We left the dock in Dartmouth at 2:35 pm, 25 mins short of our scheduled departure, with a bimini! A big nod and thanks to Cody for the hard work he put into getting it done before we left. We even got to see its practicality the minute we left the dock, as it started to rain just as we we departed. Before we left, Barry Smith came down to our boat and gave us the most lovely piece of art he had made from wood reclaimed from the Bluenose II. He had worked as a carpenter, on the restoration of Bluenose II and salvaged some of the wood. He crafted this for us and brought it down to wish us good luck on our trip. I was out at the time shopping for supplies and didn’t see it until we were underway but I love it so much and will cherish it. It was such a kind gesture!
Our destination for the evening was the RNSYC once again.We wanted to return Greg’s guidebook, get a good nights sleep and an early rise to resume our travels. Our goal was to get to the southwestern tip of Nova Scotia so we could have time to pick the best conditions to sail across the Bay of Fundy to Maine.
We were so excited to be getting off the dock and sailing again. It doesn’t take long to yearn for something that you like once you’re way from it. But another motivation for us getting underway was the weather. We had lost a week, and were behind on our progress. It wasn’t a huge concern but with the hurricanes season upon us we prefer to have crossings such as the Bay of Fundy behind us so we can settle into a rhythm. Al has been working incredibly hard getting the boat ready, so settling into a leisurely cruisers lifestyle would be welcome to him. Filbert and me, well we’re just along for the ride!
As we made our way down Halifax harbour we joked that rush hour traffic on the water was a lot more fun than the rush hour that was taking place on the bridges that loomed above us.
And so with our boat all shiney and improved we set off. As we neared the RNSYC we heard a noise we had not noticed before. And it was coming from the engine! Any problems are unwelcome but engine trouble is one of the more dreaded issues that could arise. Essentially it means time and money, and at this point on our trip we didn’t want to have to meter out either of these. We tied up to the fuel dock and Al went inside to determine if he could find someone to look at our engine. Remember, it is Friday evening at 4:30 pm and all those people who we saw in the rush hour jam were probably already headed in the opposite direction of anything that smelled remotely of work.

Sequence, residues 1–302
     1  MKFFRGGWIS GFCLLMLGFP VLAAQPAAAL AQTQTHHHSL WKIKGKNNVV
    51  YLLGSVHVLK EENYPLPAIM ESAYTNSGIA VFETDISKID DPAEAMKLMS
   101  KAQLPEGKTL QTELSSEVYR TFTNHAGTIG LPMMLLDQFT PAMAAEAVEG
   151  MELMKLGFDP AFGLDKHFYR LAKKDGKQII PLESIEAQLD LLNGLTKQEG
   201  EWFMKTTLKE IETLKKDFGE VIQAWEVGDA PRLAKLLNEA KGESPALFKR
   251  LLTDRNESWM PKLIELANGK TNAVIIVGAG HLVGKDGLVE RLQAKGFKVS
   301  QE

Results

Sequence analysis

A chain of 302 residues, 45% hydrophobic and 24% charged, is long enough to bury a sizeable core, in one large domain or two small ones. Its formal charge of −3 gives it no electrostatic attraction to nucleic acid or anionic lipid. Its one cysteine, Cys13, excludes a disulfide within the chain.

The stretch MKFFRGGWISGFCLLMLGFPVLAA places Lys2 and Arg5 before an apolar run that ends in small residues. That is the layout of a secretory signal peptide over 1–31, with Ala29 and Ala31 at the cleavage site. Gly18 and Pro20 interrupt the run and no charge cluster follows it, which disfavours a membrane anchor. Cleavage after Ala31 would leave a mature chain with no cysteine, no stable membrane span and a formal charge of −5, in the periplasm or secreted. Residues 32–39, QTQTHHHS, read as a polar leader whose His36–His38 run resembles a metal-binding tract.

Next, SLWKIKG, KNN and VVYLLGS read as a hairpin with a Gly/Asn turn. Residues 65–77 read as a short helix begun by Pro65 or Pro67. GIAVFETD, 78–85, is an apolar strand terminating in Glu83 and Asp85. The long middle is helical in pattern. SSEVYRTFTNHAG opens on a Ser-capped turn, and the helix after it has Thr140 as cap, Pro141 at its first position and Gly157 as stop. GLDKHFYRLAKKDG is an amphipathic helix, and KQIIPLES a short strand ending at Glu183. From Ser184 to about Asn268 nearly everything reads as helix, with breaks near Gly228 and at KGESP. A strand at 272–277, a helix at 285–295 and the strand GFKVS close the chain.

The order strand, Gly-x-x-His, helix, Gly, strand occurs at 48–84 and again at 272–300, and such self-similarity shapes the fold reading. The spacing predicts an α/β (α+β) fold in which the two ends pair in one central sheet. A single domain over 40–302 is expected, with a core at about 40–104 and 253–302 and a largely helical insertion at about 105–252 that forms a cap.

Wayne the yardmaster at RNSYC was great. A former Newfoundlander himself, he was very helpful and supplied Al with several names of diesel mechanics to call. Lady Fortune was once again riding along with us and Al got in touch with Mike Keay, who said he was currently at a job but would drop over when finished.
In the interim we hung out on the dock, chatting with boaters and did some laundry. While waiting for Mike, Cody came with the final piece for our bimini that allows us tie it up when we don’t want to be shielded from the sun. I foresee this will be more applicable to Newfoundland than the Caribbean.
We also had an opportunity to meet our first Tartan 3700 owners, Peter and Carol, who we met at the dock, came aboard to have a chat. Its such a big deal to find another boater who has the same boat as you do. There are so many questions to ask one another and its an opportunity to ask someone else about their experience on their boat. These two were also seasoned sailors who had been far and wide and were generous with advice and stories of their sailing adventures.
After Peter and Carol left I took Filbert for a walk, because the little guy was pretty tired of being stuck on the boat. He likes to scope out grass and smell every corner of the boatyards. It seems everywhere we have stopped theres been a family of otter, mink, or muskrat residing there. It is potentially dangerous because I think Filbert would act aggressively towards them and that would not end well. While at the dock for repairs, I had him out on deck brushing him, and he was responding favourably with deep rolling purrs. All of a sudden however he growled, loud and menacing. Behind us on the bank was a rotund, cute muskrat waddling along the shore, indifferent to either of us. I didn’t see him and I don’t know how Filbert knew he was there but he is obviously a better observer than me.
Anyways while we out walking Mike arrived at the boat, with his partner Lisa. He had worked late already and these two were on their way out for dinner but stopped in to see if assistance could be provided. After checking our engine Mike determined that it was nothing serious and recommended an oil and filter change and putting some additive in the fuel. Yahoo!